FDA Testim Heart Attack Warning Issued in 2014

Testosterone boosting products such as Testim have only been FDA-approved for use in treating medical complications caused by genuine hypogonadism. The drugs are used much more broadly, exposing millions of men to the risk of heart attack unnecessarily. The FDA has issued a testosterone heart attack warning, suggesting that the risk of heart attack associated with Testim and similar products outweighs the drug’s proven benefits.

The FDA Testim Heart Attack Warning was issued on January 31, 2014. Citing numerous recent studies, the FDA heart attack warning states that federal regulators have undertaken an investigation of the link between testosterone replacement drugs and heart attack, in addition to other health problems. At this time, the federal agency advises patients to keep taking the drug unless their doctor advises otherwise, but encourages medical practitioners to assess patients’ need for the drug carefully before prescribing. Federal regulators request that doctors and patients file adverse event reports to the MedWatch program in order to collect information about testosterone heart attack.

How Testim Increases a Man’s Risk for Heart Attack

Testim Heart Attack Lawyer Testosterone replacement therapy is through to increase a person’s chance of heart attack because of its effect on red blood cell production. Boosting the number of red blood cells is thought to increase the risk of heart problems. Red blood cells have a tendency to clump together or coagulate, so an abundance of them can thicken the blood. Testim heart attacks and other heart complications are thought to originate from this thickening of the blood.

The fact that testosterone replacement therapy causes medical problems is no surprise to endocrinologists; hormone replacement in general is known to be risky. At one point, estrogen replacement therapy became a popular remedy for women during menopause. The overprescribing of estrogen replacement therapy for women was eventually curtailed when research showed that estrogen replacement is associated with a higher risk of heart attack, breast cancer and stroke. Clinicians now use estrogen sparingly and only in extreme cases for which it is indicated and the benefits outweigh the risks. Some critics of men’s hormone replacement drugs like Testim predict that testosterone will follow a similar course as word of the testosterone heart attack risk spreads.

Testim Heart Attack Research

The first clear connection between testosterone and heart attacks was revealed in 2010, when researchers at Boston University’s School of Medicine chose to end a small study prematurely because so many study subjects were having heart attacks from taking Testim. The study, which can be found in the New England Journal of Medicine, indicated that men taking testosterone products were five times as likely to have heart attacks or another “serious heart event” as men not taking the supplemental hormone.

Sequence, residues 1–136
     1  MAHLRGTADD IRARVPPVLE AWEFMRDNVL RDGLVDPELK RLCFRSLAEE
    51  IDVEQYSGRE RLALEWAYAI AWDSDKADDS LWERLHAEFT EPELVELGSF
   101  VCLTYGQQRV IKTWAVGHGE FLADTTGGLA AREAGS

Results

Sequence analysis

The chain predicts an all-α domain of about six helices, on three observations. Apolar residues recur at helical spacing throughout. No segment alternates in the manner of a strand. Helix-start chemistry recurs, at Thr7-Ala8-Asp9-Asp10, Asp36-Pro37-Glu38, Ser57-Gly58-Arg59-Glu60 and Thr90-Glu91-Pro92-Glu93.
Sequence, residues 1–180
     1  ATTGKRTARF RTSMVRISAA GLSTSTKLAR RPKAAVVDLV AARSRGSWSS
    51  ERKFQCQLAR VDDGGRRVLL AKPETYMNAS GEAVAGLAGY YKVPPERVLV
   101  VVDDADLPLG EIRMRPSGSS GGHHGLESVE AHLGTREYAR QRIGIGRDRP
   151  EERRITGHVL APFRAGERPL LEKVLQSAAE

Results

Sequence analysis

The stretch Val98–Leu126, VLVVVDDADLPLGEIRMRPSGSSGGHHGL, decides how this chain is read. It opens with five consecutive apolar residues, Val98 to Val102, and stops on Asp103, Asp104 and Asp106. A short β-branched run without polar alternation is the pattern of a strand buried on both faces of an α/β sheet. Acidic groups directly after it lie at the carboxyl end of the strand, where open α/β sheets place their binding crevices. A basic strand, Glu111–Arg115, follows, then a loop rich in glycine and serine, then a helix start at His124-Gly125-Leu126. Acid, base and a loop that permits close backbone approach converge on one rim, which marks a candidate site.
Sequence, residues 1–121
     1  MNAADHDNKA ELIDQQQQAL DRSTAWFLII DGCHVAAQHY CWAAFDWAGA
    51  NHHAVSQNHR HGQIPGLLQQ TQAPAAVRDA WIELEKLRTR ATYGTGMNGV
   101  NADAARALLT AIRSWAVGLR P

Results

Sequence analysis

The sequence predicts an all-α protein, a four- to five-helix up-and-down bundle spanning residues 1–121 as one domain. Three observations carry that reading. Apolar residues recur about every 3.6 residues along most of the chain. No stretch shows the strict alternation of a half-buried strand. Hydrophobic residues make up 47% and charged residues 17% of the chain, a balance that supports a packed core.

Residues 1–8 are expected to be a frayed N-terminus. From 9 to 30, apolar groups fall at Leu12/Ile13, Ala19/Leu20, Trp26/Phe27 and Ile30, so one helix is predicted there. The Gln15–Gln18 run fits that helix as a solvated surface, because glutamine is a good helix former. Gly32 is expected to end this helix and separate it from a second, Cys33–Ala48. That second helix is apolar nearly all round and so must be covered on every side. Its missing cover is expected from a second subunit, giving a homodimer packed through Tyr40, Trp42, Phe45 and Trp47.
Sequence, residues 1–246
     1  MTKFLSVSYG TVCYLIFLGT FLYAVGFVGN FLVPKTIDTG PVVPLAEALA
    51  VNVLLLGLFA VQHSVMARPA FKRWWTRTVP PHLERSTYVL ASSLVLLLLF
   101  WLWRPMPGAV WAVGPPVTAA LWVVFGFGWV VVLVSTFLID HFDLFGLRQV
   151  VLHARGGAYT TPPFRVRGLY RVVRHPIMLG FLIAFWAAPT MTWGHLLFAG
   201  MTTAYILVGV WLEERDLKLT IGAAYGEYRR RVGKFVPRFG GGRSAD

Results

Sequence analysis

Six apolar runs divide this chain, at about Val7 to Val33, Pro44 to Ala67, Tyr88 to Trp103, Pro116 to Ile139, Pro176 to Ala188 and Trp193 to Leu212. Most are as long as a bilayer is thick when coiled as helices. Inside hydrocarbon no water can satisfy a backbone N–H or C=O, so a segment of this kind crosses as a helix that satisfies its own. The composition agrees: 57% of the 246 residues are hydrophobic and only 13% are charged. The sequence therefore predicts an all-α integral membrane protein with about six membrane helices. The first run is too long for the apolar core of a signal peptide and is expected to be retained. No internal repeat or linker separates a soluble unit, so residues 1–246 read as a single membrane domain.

The FDA testosterone heart attack warning referred to two recent studies which confirm a link between testosterone products like Testim and heart attack. Research conducted through the Veterans Affairs health service examined 8,709 men through a type of heart imaging called coronary angiography and determined that taking supplemental testosterone increases the risk of heart attack, stroke and death by 29%. Subjects in this study ranged in age broadly, with an average age of 60 years old. This study was published by JAMA (the Journal of the American Medical Association) in November of 2013.

A second study cited in the FDA Testim warning included 56,000 subjects also ranging broadly in age. These men were examined for their initial 90 days taking testosterone replacement products. This study concluded that men face a two- to three-fold increase in their risk for heart attack immediately after starting a prescription for Testim; the level of risk generally grows as a man ages, but can also be connected to other factors. Noting that the symptoms of hypogonadism and obesity are similar, researchers suggested that many obese men are being prescribed testosterone who do not need the drug – and thus are being exposed to the risk of heart attack unnecessarily. This testosterone heart attack study was funded by the National Institutes of Health, conducted by a group of endocrinologists and endocrine research experts in California, and published by PLoS ONE in January of 2014.

Testim Advertising Minimizes Testosterone Heart Attack Risk and Prescriptions Increase